A simple model for system ontology and epistemology
Two systems intertwined In the posts of the CSL4D website I combine concept mapping with systems thinking for greater clarity of understanding of the latter. The concept map in this post is one I wish I had made six years ago. It came to me after watching the Systems thinking iceberg video of Dena Hurst. In the concept map below I roughly follow her explanation. I just added a few things of my own to show the relationships between two systems models: (1) a general ontological system model using the iceberg metaphor (in yellow); and (2) a general epistemological (inquiring and design) system model to show the importance of three systems concepts viz. inter-relationships, perspectives and boundaries. The models are complementary. One doesn’t make sense without the other and vice versa. So, perhaps, with some additions, the iceberg model turns out to be the philosopher’s stone of systems thinking.
The ontological model …. is depicted to the right. It explains what the system is. You can also watch Dena Hurst’s video, which takes only 10 minutes of your time. A system can be anything, from an office or a business to a development project or a country, even the world. Let it be clear that we are talking here about systems with humans involved. These human-inhabited systems are designed to produce value of some kind, but hardly ever do they only do as or what they are planned to do. All sorts of things are happening in them or as a result of them, some positive, some negative. Some of the negative ‘events’ may form patterns that may start alarm bells ringing. The first reaction is often to suppress the pattern. Suppression may have a number of negative consequences of its own: (1) requiring additional effort; (2) producing its own negative by-effects; or (3) causing the original pattern to morph into a different shape and timing, which requires more suppression, possibly starting a cycle without end. If the alarm bells are loud enough, it may be wise to look under the surface to see what causes the pattern. See e.g. Meadows or Kim. Often the patterns are the result of unexpected interactions between design elements of the system, such as policies, processes etc., or informal or emergent system characteristics. Or they may result from interference between two or more systems. The underlying mental models shape our worldviews and give meaning to all our activities and decision-making. They include biases, beliefs and assumptions (see e.g. Mitroff), some of them hindering good judgment.
Systems thinking … looks at system structures and their underlying mental models to improve overall system performance. Structures can often be quickly redesigned or adapted, whereas changing mental models is usually a much more difficult process. None of this is easy, but it may be worth it if it can ensure adequate levels of competitiveness, sustainability or effectiveness.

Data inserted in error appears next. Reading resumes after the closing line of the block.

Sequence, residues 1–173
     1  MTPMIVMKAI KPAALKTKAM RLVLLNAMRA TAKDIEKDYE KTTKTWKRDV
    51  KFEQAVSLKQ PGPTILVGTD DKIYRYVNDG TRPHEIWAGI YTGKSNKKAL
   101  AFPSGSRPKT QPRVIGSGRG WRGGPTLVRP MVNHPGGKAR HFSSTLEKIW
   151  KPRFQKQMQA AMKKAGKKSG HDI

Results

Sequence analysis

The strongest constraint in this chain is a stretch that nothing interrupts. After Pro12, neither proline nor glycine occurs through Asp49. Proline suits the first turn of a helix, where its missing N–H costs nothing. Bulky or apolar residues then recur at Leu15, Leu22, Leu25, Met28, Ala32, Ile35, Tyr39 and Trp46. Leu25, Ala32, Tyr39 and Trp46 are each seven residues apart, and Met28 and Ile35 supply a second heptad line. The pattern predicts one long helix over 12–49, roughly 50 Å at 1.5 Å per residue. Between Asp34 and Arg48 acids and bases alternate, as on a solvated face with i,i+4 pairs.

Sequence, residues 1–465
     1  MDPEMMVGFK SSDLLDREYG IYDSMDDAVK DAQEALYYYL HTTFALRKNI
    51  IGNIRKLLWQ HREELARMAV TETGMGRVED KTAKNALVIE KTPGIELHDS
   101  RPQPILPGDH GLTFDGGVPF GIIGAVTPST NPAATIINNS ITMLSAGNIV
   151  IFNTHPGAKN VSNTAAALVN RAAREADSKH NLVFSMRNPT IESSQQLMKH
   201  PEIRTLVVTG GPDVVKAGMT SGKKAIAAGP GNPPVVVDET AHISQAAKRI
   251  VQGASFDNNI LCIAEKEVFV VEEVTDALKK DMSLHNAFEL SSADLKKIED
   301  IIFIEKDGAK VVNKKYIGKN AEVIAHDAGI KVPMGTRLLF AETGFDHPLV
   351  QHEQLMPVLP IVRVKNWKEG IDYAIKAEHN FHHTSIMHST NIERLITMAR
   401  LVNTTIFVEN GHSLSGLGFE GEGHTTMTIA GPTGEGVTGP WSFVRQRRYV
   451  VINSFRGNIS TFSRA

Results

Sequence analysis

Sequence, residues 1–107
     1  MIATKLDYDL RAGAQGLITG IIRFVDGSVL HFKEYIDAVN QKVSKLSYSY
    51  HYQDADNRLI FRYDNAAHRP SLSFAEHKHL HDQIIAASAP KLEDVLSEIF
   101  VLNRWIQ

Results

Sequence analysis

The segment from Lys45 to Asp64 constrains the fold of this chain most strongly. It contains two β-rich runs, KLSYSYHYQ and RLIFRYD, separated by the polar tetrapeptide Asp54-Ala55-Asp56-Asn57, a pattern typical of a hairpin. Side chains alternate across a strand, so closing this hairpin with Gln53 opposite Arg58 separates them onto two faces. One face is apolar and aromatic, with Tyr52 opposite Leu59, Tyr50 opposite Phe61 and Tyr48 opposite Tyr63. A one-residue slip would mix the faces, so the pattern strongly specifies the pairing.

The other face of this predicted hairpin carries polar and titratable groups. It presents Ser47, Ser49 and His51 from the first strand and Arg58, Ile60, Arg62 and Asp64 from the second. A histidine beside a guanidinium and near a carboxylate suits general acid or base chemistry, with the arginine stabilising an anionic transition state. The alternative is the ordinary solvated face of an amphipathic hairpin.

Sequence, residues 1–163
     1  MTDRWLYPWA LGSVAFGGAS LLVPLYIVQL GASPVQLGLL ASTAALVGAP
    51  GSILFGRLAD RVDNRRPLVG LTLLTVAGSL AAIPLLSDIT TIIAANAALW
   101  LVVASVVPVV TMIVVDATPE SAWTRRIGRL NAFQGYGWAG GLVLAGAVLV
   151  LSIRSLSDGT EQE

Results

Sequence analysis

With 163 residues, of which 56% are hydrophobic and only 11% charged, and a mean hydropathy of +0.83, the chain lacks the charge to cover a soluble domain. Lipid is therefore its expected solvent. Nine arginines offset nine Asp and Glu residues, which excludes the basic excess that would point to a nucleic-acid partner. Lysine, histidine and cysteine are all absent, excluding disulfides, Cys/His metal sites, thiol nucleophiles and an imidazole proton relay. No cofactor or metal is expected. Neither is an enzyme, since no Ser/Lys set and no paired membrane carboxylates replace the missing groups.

The epistemological model … is depicted on the left. It explains how the system can be understood. The model is needed to inquire into the inter-relationships between the designed or emerging structures and the resulting patterns. This may seem simple, but it isn’t. Experts suffer of biases as much as anybody else. One of the difficulties is that perspectives tend to ignore tacit knowledge and the underlying mental models. Tacit knowledge is difficult to identify and express. This means that for full and proper inquiry we need complementary perspectives. Therefore we need approaches for carefully contrasting and scrutinizing them. Some of the best approaches are critical and dialectical in nature. Churchman’s dialectical systems approach is a good example.
The mental pole … of systems thinking is indicated in green. It links the system ontology and epistemology. People have particular perspectives of system structures because of particular mental models. Redesigning the structures may require (some) people to adjust their mental models. For them to do so, they must first be conscious of these models and see the relationship with some of the negative effects of the systems they are part of, be it as planner, decision-maker, employee or beneficiary (which, in a negative sense, may include people that are harmed by the system). Or even as systems thinker.
The IPB table What remains now is to see if we can make a simple IPB table for Sally, the Tuesday latecomer in Dena Hurst’s story. IPB tables use the three fundamental systems concepts of inter-relationships, perspectives and boundaries to arrange system observations and choices in a clear and simple way:Boundaries are critical From the IPB table it is clear that we need to look at inter-relationships and perspectives to understand what is going on in a system, but the really critical part is formed by the boundary issues: what is included in a system and what is not. In the case of Sally the question is whether her life system (‘she has a life, you know’) should be part of the work system or not. Or rather, should a proper work-life balance of employees be of concern to an employer? This issue touches also on bigger systems: an imbalance of work and life is believed to be one of the causes of the aging of Japan or the shrinking population of Germany. This in turn touches on even bigger systems: is it a good thing if Germany decides to make up for the birth deficit by immigration? What about the impact of EU immigration rules on The Netherlands, for instance, where the population doesn’t shrink at all, while the place is already very crowded with an extremely tense housing market in most of the country? These questions show the other end of the boundary issue. On the one hand it makes sense to expand system boundaries to make responsible and effective decisions, but one doesn’t want to expand them so much that no sensible decision can be made any more. More information about IPB tables and boundary critique can be found in Wicked Solutions.